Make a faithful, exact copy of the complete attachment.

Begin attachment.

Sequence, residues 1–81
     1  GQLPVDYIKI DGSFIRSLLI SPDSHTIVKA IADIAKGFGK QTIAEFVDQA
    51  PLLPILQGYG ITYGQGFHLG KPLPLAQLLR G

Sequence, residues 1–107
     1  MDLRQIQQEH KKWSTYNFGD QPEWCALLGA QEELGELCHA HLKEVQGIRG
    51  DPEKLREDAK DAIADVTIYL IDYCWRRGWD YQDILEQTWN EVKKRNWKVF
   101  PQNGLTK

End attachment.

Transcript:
Sequence, residues 1–81
     1  GQLPVDYIKI DGSFIRSLLI SPDSHTIVKA IADIAKGFGK QTIAEFVDQA
    51  PLLPILQGYG ITYGQGFHLG KPLPLAQLLR G

Sequence, residues 1–107
     1  MDLRQIQQEH KKWSTYNFGD QPEWCALLGA QEELGELCHA HLKEVQGIRG
    51  DPEKLREDAK DAIADVTIYL IDYCWRRGWD YQDILEQTWN EVKKRNWKVF
   101  PQNGLTK